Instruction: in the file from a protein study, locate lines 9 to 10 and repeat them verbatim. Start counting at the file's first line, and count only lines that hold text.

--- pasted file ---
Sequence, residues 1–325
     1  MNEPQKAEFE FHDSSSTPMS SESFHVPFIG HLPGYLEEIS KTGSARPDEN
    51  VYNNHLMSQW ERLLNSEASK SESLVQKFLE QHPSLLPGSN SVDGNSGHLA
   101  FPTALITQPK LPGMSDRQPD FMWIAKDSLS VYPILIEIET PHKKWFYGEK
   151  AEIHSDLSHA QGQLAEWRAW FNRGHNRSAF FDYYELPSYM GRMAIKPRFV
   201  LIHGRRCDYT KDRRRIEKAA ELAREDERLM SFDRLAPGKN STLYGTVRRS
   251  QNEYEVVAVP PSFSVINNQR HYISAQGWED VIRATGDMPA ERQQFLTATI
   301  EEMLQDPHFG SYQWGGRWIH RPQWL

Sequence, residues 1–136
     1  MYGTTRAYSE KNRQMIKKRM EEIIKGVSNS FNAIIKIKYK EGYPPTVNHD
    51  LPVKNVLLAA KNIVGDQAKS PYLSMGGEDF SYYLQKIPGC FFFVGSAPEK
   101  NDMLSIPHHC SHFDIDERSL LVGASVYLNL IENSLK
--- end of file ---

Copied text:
Sequence, residues 1–136
     1  MYGTTRAYSE KNRQMIKKRM EEIIKGVSNS FNAIIKIKYK EGYPPTVNHD